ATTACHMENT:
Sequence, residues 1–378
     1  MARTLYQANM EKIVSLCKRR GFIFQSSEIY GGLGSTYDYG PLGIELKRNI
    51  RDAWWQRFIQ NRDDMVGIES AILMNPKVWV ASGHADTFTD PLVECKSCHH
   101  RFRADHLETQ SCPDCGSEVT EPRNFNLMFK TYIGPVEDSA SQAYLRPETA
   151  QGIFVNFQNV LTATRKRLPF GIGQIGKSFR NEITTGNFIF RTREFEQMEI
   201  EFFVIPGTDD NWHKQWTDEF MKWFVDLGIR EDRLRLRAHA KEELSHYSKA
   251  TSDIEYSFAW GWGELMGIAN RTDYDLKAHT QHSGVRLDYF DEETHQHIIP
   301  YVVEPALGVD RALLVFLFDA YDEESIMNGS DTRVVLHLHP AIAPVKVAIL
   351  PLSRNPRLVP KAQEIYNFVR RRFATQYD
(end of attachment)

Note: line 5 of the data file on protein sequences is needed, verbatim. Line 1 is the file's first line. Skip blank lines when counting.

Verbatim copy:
   151  QGIFVNFQNV LTATRKRLPF GIGQIGKSFR NEITTGNFIF RTREFEQMEI